Film Archive

Jahr

Eine Art Liebe

Documentary Film
Germany,
Turkey
2012
70 minutes
subtitles: 
German

Credits DOK Leipzig Logo

Dirk Schäfer
Dirk Schäfer
Armand Amar
Dirk Schäfer
Dirk Schäfer
Saydelizade
Even if he wouldn’t put it this way himself, Nevzat, the 30-year-old protagonist of this touching portrait from the depths of the Kurdish provinces, was a lifelong prisoner. Walled in between the archaic laws of his family clan and obedience to his father, he has no space left for his own desires or decisions. There’s only jobs he’s not allowed to choose and unwanted obligations. Saving money and leaving the village. Being in love just once. Somehow having a good life after all. The filmmaker Dirk Schäfer seems to have entered Nevzat’s life at the precise moment when his secret desires break free and he starts to throw off cultural ballast. He regularly commutes between Istanbul construction sites and his village. The promise of a metropolis there, the wall between him and his desires at home. On one level “Eine Art Liebe” portrays a man who believes in the right to a personal, self-determined happiness. On a second level a relationship between Nevzat and the director develops very carefully, often indicated only by a look or a gesture. Dirk Schäfer speaks Nevzat’s language, which enables him to enter into a reserved, direct dialogue with Nevzat, respecting the pre-existing limits. The filmmaker’s achievement lies in using his protagonist’s rebellion to open the door to a reality that seems alien and outdated. Nevzat profits from the exchange with the German who acts as a sounding board for his doubts and wishes. At the end he calls him teacher, because one doesn’t address one’s elders by their first name. But a teacher from whom he emancipates himself like he did from his cultural constraints.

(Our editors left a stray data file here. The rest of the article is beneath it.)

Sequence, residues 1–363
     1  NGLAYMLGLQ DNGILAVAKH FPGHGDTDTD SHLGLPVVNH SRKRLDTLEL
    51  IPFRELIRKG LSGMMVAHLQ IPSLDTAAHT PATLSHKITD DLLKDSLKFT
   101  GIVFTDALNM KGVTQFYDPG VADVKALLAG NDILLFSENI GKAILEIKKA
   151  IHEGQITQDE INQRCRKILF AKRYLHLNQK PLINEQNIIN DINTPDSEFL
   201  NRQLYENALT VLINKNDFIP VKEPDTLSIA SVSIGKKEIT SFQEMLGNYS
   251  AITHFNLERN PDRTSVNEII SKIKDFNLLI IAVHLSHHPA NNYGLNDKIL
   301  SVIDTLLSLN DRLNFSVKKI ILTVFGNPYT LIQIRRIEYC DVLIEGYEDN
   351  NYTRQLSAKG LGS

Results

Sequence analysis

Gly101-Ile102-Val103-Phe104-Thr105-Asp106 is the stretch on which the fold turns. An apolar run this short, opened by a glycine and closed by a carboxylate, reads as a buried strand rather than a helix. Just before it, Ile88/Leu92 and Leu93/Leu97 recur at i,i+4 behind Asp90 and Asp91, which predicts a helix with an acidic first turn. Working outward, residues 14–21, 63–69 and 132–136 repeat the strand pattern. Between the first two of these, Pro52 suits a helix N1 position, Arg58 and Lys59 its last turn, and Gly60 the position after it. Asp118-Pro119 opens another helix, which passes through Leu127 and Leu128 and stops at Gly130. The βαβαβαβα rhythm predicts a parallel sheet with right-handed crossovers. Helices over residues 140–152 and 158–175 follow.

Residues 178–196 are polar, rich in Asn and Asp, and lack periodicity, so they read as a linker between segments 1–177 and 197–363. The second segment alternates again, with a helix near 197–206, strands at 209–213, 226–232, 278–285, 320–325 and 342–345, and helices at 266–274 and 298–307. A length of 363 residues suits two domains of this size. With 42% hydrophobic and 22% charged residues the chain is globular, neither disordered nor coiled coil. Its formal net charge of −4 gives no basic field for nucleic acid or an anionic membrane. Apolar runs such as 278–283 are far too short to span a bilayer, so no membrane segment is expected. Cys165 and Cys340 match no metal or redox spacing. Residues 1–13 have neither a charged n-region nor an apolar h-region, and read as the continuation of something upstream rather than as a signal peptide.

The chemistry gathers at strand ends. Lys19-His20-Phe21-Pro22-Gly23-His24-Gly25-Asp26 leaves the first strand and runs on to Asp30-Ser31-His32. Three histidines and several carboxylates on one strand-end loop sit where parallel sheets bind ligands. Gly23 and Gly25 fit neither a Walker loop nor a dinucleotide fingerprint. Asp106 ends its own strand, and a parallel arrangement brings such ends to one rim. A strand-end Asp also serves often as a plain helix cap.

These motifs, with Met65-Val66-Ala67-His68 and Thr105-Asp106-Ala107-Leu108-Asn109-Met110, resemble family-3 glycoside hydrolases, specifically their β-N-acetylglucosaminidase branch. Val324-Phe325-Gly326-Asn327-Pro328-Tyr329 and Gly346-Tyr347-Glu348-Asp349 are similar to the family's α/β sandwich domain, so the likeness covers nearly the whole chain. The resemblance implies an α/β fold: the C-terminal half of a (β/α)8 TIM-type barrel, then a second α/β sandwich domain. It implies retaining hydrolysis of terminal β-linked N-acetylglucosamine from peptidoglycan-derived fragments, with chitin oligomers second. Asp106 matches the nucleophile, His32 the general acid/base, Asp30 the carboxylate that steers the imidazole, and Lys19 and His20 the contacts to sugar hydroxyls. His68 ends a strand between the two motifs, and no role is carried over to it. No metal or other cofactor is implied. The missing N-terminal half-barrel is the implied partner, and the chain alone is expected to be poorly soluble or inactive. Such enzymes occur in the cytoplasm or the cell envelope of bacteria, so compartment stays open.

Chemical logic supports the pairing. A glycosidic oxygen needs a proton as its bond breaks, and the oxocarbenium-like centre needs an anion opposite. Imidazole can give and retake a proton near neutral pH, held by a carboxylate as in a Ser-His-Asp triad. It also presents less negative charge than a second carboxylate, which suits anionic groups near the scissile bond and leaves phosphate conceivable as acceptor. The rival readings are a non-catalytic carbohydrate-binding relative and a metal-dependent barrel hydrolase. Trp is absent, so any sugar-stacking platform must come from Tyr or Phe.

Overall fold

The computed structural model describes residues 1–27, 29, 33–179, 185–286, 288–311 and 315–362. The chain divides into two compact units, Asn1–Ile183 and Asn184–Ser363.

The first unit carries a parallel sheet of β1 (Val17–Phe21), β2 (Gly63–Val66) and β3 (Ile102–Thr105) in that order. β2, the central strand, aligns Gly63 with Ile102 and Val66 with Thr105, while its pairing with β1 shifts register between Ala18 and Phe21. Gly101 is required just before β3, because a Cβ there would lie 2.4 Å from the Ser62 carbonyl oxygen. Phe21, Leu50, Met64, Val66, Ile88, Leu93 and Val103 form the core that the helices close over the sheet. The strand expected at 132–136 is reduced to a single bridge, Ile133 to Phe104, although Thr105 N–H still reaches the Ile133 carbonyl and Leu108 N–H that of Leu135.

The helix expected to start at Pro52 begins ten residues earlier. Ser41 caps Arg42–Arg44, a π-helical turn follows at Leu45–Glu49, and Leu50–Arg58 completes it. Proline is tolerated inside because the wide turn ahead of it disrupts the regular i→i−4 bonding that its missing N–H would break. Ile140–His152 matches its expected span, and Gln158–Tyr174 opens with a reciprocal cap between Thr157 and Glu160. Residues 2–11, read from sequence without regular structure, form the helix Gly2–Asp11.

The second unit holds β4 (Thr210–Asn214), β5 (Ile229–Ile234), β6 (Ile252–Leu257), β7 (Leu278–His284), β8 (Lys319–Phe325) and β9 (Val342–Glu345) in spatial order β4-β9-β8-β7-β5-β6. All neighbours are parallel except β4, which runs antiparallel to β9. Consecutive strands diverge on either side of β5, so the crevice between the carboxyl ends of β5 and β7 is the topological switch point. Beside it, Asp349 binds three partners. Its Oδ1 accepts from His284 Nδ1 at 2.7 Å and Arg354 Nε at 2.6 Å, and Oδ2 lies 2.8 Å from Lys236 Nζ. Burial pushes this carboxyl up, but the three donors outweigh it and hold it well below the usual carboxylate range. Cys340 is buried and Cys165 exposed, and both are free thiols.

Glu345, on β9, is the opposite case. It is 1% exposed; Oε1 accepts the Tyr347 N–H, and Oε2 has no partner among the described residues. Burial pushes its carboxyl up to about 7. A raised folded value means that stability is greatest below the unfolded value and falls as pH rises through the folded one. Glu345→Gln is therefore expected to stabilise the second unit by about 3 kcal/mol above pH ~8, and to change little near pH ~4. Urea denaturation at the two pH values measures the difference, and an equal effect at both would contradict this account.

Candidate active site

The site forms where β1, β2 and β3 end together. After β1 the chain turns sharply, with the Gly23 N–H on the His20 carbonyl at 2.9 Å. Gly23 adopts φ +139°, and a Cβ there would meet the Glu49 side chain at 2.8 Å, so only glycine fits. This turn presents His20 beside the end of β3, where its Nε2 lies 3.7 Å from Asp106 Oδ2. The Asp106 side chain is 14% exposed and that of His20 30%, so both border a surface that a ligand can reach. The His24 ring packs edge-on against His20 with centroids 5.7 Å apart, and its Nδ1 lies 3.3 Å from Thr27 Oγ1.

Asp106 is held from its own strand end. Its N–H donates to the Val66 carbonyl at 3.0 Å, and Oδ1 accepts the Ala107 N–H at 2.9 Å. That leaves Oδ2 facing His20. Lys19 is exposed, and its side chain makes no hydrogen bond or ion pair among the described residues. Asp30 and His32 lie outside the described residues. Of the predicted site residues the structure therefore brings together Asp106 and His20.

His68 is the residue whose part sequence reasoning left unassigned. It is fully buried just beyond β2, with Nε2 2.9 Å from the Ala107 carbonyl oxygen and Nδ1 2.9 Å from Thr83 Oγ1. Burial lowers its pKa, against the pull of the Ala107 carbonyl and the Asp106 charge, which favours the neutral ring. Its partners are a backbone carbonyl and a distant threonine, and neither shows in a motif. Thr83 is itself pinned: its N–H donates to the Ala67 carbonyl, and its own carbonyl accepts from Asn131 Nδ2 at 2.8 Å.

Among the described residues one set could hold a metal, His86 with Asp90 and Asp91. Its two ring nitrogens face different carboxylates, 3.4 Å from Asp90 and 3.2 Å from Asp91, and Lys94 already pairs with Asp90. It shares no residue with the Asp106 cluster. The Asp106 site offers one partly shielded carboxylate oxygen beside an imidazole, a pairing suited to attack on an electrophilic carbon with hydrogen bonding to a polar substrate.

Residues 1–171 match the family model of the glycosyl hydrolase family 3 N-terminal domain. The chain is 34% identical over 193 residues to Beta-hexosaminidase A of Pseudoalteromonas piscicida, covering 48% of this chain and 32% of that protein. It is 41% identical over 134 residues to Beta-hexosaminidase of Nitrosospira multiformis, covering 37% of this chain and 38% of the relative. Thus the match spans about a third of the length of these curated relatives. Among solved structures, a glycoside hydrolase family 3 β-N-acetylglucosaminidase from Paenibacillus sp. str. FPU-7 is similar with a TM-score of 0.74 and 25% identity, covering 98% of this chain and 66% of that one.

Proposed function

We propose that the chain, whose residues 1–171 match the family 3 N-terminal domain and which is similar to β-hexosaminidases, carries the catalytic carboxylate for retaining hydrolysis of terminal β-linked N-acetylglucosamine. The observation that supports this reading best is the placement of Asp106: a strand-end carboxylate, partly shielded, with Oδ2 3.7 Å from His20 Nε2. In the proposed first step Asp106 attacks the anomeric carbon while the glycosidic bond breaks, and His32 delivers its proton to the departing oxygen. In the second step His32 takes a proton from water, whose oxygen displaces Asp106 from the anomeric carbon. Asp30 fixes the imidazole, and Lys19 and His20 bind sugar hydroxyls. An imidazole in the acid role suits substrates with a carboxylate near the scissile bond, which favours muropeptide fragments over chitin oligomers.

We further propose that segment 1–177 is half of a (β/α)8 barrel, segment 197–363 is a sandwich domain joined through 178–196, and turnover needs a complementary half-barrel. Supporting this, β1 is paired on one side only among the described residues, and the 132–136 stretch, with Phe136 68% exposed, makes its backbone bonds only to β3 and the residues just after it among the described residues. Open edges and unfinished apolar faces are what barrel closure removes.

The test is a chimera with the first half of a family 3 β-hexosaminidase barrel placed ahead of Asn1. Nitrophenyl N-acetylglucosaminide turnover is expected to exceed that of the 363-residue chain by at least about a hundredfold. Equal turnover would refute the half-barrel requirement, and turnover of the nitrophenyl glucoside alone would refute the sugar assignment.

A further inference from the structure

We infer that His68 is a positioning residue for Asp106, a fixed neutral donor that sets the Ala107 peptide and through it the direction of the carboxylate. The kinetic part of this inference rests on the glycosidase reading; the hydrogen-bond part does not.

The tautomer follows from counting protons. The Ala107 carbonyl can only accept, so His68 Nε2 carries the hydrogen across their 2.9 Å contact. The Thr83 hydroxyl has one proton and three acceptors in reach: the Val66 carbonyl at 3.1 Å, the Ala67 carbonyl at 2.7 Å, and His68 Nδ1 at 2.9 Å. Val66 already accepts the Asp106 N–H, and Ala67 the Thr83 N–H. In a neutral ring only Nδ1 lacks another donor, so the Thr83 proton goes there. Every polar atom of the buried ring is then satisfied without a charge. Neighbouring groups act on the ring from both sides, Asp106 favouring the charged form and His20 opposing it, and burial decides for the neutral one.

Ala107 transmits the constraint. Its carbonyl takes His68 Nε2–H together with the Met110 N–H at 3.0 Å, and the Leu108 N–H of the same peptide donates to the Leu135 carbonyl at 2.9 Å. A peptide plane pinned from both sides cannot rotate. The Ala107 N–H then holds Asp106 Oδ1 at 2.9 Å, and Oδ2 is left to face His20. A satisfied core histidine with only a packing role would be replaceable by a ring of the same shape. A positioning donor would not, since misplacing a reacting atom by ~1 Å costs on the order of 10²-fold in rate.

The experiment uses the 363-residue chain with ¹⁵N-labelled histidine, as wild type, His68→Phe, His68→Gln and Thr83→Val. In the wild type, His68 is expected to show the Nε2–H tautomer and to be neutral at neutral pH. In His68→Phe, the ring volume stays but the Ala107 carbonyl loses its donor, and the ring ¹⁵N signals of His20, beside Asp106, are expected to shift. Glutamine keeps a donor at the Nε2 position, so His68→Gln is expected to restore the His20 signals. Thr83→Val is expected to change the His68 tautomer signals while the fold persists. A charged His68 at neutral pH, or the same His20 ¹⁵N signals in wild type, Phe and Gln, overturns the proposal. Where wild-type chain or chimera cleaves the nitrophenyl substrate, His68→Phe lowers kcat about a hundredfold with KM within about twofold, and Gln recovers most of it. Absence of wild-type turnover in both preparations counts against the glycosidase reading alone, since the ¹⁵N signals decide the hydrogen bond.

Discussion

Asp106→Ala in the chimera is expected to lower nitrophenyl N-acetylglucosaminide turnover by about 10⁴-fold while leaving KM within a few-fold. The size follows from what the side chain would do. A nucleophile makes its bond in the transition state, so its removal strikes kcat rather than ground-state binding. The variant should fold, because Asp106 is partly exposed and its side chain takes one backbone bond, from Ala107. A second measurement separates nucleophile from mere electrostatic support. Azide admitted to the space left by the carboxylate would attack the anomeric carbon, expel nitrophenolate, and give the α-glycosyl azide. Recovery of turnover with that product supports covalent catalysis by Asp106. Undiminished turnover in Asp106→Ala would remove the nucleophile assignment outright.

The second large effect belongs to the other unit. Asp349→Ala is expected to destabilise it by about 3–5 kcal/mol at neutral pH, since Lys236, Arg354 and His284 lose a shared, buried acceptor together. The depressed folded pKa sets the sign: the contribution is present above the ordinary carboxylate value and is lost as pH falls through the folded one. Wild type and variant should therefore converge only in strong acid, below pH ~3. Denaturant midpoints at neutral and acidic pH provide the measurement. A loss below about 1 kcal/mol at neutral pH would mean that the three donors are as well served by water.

Matthias Heeder



Honorary Mention in the German Competition Documentary Film 2012

German Competition 2016
The Others Ayşe Polat

Villagers in the east Anatolian region of Van, once the peaceful home of Armenians, Kurds and Turks, talk about the repressed history of a genocide and a complex conflict.

The Others

Documentary Film
Germany,
Turkey
2016
66 minutes
subtitles: 
English

Credits DOK Leipzig Logo

Mehmet Aktaş, Said Nur Akkuş, Ayşe Polat
Ayşe Polat
Meryem Yavuz, Armin Dierolf
Eyüp Zana Ekinci
Ayşe Polat
Mustafa Baydemir, Oktay Çağla
Of course reality is more complicated, but the director uses a clever narrative ploy to introduce us to the past of the former Armenian province of Van in Eastern Anatolia. It’s the only place where the Van cat is found, an almost mythical animal and a cultural symbol that unites Armenians, Kurds and Turks alike. It’s via this historical code that the film depicts the sorrowful events of 1915: the Armenian genocide. They are still present today in the memory of the Kurds who took over the villages of the deported – traces the director follows like an archaeologist who uncovers a painful, difficult and suppressed history layer by layer.

What’s left of the days when the people here lived together as neighbours and not as witnesses of ethnic deviation? Dilapidated Armenian churches, pilgrimage sites, and the intricate family stories of survivors assimilated by force. Their descendants still shy from public avowals of their ancestry. Even worse: the Armenians are labelled “the others” even if they are part of one’s own biography, one’s genetic heritage. Factual in style, with quiet, observant camerawork and without pointing the finger at anyone, Ayşe Polat manages to take an authentic look at an open-ended historical conflict with “The Others”.

Matthias Heeder


Nominated for DEFA Sponsoring Prize, Goethe-Institute Documentary Film Prize